If Leo cares then homelessness is now a middle-class concern
Varadkar's about-face may finally force us to look harder at the crisis and bring about meaningful change, writes Donal Lynch
It felt strange to hear Leo Varadkar, that unabashed champion of the middle class, take what sounded like such a strong stance on homelessness last week. What an unsexy, un-Instagrammable, unsolvable, non-Leo theme, you couldn't help thinking. A serious comedown after all of those glamorous foreign trips. But in he waded.
Six months after saying Ireland had one of the lowest rates of homelessness, the Taoiseach now said he found the sharp rise in the number of homeless "unbelievably frustrating" and that the housing situation was certainly a "crisis". It was the strongest language yet used by a Taoiseach on the issue of homelessness and evidence that, maybe this time, something might be done. Because when Leo cares about a poverty issue, we know it's because it's really a middle-class concern. Homelessness and the soul-sapping poverty of being a renter in Dublin have become inextricably intertwined. An issue which we held our nose about all our lives has suddenly become the only issue worth thinking about.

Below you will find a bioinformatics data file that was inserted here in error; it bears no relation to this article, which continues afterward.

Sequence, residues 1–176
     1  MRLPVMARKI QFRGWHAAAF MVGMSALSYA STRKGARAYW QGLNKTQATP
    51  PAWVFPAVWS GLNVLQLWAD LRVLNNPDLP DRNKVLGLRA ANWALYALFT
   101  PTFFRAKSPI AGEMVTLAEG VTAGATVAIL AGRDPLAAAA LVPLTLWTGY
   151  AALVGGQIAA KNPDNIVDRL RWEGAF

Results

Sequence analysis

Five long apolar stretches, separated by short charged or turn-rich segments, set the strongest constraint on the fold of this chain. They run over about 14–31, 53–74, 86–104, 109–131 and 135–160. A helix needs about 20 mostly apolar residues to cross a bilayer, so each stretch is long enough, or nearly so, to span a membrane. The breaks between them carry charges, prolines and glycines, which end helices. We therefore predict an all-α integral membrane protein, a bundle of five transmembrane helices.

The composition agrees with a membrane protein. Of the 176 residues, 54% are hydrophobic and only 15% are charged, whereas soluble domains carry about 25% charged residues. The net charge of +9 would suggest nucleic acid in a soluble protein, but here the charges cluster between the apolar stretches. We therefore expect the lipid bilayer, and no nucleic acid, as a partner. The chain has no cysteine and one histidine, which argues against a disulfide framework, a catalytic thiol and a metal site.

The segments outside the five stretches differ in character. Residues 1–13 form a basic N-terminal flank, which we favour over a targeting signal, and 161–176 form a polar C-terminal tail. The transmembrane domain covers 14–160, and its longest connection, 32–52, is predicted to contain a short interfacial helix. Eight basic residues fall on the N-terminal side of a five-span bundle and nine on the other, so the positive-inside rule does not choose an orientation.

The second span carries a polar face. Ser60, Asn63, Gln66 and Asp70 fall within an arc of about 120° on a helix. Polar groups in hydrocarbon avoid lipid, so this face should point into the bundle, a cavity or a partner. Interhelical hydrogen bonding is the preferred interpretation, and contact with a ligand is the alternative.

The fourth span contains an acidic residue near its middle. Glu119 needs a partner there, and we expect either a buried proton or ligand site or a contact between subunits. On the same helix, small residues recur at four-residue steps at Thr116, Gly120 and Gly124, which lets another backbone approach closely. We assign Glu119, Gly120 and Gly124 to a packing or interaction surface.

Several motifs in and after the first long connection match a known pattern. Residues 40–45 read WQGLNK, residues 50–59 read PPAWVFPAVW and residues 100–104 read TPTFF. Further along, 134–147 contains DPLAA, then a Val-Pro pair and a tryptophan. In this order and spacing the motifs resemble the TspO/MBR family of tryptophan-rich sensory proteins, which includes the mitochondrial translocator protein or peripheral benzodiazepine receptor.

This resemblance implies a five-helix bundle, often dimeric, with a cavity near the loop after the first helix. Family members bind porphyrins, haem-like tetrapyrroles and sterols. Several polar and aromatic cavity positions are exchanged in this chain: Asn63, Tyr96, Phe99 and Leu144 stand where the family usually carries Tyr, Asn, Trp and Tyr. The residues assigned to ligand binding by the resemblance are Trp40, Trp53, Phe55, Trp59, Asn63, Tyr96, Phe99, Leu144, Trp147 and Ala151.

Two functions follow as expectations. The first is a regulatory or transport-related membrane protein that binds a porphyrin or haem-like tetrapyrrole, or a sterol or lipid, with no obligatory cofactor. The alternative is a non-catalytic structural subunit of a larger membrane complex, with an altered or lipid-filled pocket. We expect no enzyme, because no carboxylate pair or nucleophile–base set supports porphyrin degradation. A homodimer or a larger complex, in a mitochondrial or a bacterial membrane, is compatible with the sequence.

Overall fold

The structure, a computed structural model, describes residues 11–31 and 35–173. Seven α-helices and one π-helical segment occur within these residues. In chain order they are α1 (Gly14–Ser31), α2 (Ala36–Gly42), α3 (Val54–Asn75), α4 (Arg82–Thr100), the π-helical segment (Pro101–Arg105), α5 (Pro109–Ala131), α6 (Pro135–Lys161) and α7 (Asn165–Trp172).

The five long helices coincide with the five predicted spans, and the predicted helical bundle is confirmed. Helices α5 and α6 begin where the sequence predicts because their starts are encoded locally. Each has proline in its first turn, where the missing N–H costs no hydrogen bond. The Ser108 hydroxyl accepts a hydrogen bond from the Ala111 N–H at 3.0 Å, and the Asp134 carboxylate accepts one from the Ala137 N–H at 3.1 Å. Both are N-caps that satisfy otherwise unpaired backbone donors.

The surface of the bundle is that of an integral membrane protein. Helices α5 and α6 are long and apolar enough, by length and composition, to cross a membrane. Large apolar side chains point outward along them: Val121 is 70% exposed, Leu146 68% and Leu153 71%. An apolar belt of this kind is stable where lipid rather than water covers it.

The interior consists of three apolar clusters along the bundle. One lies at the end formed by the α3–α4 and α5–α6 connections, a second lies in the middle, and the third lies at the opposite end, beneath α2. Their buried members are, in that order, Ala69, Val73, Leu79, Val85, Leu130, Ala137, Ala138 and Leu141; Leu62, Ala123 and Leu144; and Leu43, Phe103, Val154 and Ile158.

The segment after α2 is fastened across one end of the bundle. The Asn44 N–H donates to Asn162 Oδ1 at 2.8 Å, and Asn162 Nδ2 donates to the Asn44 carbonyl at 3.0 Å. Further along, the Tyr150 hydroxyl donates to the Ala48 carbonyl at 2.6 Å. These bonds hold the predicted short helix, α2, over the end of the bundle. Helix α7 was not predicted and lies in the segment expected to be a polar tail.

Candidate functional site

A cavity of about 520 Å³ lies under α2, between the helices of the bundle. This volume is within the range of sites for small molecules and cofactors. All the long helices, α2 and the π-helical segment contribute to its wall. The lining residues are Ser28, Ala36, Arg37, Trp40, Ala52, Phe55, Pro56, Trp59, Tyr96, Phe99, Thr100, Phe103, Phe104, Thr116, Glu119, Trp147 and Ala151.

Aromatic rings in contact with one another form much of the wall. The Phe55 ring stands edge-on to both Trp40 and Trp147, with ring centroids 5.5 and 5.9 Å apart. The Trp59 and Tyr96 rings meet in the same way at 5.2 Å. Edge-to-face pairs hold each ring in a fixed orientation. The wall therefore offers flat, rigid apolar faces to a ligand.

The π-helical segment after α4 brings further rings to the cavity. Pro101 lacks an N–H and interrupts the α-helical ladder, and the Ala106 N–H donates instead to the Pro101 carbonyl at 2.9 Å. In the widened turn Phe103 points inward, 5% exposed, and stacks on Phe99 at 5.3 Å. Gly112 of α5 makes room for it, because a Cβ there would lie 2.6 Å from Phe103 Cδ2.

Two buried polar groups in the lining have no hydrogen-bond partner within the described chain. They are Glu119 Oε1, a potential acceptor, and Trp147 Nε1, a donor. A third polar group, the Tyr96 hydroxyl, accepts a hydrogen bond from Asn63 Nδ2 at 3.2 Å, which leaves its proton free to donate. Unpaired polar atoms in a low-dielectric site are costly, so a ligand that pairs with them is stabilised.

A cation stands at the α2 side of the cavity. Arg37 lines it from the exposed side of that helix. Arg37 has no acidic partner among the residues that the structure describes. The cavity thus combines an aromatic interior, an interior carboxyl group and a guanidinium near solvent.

It's always difficult, a prominent homelessness campaigner once told me, to get politicians to care enough to do something meaningful. By which he meant not merely throwing money at the problem, because there has nearly always been money. The lack of a home is as stark a deprivation as most of us could imagine, but the popular empathy for the homeless has translated into a well-funded charity sector more than it has any meaningful State interventions in the issue.